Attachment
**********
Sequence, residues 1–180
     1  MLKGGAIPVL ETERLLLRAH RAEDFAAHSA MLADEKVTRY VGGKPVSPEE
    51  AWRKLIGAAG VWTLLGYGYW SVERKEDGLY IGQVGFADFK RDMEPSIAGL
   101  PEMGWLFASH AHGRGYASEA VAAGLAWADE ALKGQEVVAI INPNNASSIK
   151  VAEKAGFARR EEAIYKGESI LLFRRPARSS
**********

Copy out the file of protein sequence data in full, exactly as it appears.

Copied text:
Sequence, residues 1–180
     1  MLKGGAIPVL ETERLLLRAH RAEDFAAHSA MLADEKVTRY VGGKPVSPEE
    51  AWRKLIGAAG VWTLLGYGYW SVERKEDGLY IGQVGFADFK RDMEPSIAGL
   101  PEMGWLFASH AHGRGYASEA VAAGLAWADE ALKGQEVVAI INPNNASSIK
   151  VAEKAGFARR EEAIYKGESI LLFRRPARSS